The physical orientation of RMPA 120 is important relative to the line of travel of the people it is used to detect. RMPA 102 radiates off only two of its edges, whether it is a square patch, a rectangular patch, or even a circular patch. Every RMPA has a feedpoint, and here the feedpoint connects to two inputs, phase detector 130 and impedance detector 132. The radiating edges of the patch are the ones that form “perpendicular” lines with the axis of the feedpoint through the physical center point of the patch. Drawing an imaginary line from the feedpoint to the center of the patch, the edges of the patch that are tangent to such line are the radiating edges. Radiation from these edges produces a linear polarization, and this is the axis for which phase affects are the most pronounced. RMPA 120 is positioned such that people movement through lobes 125 and 126 is longitudinal to the imaginary line drawn from the feedpoint to the center of the patch. Such radiating edges are turned to be perpendicular to the expected directions of people travel. Inside a pipe, that can only be along the inside of the pipe. Two RMPA's set at right angles to one another could be used in spaces not so restricted.

Scattering parameters (s-parameters) describe the scattering and reflection of traveling waves when a network is inserted into a transmission line. Here, the transmission line is the air 128 inside concrete pipe 102. S-parameters are normally used to characterize high frequency networks, and are measured as a function of frequency. So frequency is implied and complex gain and phase assumed. The incident waves are designated by the letter an, where n is the port number of the network. For each port, the incident (applied) and reflected waves are measured. The reflected wave is designed by bn, where n is the port number. When the incident wave travels through a network, its gain and phase are changed by the scattering parameter. For example, when wave a1 travels through a network, the output value of the network is simply the value of the wave multiplied by the relevant S-parameter. S-parameters can be considered as the gain of the network, and the subscripts denote the port numbers. The ratio of the output of port 2 to the incident wave on port 1 is designated S21. Likewise, for reflected waves, the signal comes in and out of the same port, hence the S-parameter for the input reflection is designated S11.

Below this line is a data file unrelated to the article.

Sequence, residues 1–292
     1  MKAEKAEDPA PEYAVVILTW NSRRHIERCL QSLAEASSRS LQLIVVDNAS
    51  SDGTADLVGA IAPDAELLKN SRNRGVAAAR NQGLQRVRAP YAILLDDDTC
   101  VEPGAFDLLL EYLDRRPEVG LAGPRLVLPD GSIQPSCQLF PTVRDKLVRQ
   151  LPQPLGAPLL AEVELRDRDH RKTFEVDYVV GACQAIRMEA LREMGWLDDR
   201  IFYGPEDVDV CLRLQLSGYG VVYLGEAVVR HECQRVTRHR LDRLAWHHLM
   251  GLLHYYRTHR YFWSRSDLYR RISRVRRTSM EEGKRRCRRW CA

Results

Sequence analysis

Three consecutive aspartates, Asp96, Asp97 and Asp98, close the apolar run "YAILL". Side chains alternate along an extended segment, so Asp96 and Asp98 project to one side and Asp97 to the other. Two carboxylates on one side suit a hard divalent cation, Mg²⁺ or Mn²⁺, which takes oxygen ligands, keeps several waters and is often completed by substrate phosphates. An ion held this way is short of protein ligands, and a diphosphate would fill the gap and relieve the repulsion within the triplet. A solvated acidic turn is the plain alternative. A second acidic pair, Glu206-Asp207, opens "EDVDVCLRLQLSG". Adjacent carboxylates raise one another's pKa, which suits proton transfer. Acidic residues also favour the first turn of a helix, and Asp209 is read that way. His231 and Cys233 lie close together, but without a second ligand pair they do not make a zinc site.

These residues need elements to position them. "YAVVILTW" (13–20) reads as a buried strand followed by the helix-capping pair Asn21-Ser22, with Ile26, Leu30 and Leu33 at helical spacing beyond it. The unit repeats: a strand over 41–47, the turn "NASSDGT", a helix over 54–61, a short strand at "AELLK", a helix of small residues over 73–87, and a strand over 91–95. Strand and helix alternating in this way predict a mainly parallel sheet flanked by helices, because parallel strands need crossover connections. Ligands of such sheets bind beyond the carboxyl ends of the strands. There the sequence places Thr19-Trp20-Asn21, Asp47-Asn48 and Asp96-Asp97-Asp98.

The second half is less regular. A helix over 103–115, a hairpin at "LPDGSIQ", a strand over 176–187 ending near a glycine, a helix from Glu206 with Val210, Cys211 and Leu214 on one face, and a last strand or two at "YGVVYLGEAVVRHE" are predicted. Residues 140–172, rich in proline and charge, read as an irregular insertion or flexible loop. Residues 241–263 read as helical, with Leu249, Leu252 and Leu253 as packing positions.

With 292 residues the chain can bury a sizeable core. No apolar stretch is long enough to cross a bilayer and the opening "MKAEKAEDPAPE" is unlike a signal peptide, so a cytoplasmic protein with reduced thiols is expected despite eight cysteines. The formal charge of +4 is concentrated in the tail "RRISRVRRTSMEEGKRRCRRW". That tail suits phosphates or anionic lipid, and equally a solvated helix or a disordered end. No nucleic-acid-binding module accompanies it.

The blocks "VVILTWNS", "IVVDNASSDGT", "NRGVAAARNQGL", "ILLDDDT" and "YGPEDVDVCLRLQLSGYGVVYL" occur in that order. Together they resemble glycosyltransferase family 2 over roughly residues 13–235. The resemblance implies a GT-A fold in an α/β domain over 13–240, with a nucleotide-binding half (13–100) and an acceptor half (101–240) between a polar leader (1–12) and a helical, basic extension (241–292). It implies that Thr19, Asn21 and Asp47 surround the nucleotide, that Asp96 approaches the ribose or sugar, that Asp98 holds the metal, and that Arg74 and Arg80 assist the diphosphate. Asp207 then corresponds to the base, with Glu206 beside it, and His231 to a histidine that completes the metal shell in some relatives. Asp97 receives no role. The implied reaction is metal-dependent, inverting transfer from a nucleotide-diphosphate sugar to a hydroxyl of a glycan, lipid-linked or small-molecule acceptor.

For a two-port network with matched loads:

S11 is the reflection coefficient of the input;

S22 is the reflection coefficient of the output;

S21 is the forward transmission gain; and

S12 is the reverse transmission gain from the output to the input.

S-parameters can be converted to impedance by taking the ratio of (1+S11) to (1−S11) and multiplying the result by the characteristic impedance, e.g., 50-ohms or 75-ohms. A Smith chart can be used to convert between impedance and S-parameters.

The frequency and impedance, or reflection coefficient (S11), of RMPA 120 are measured to provide sensor information and interpretive reports. RMPA 120 is electronically tuned by sensor controller 140 either adjusting oscillator frequency 142 and/or varactors 121 and 122 to find the resonant frequency of the RMPA each time a measurement is taken. The S11 (reflection coefficient) parameter is measured in terms of magnitude. The sensor controller 140 seeks to minimize the magnitude of S11, meaning RMPA 120 is near its resonant point and 50-ohms.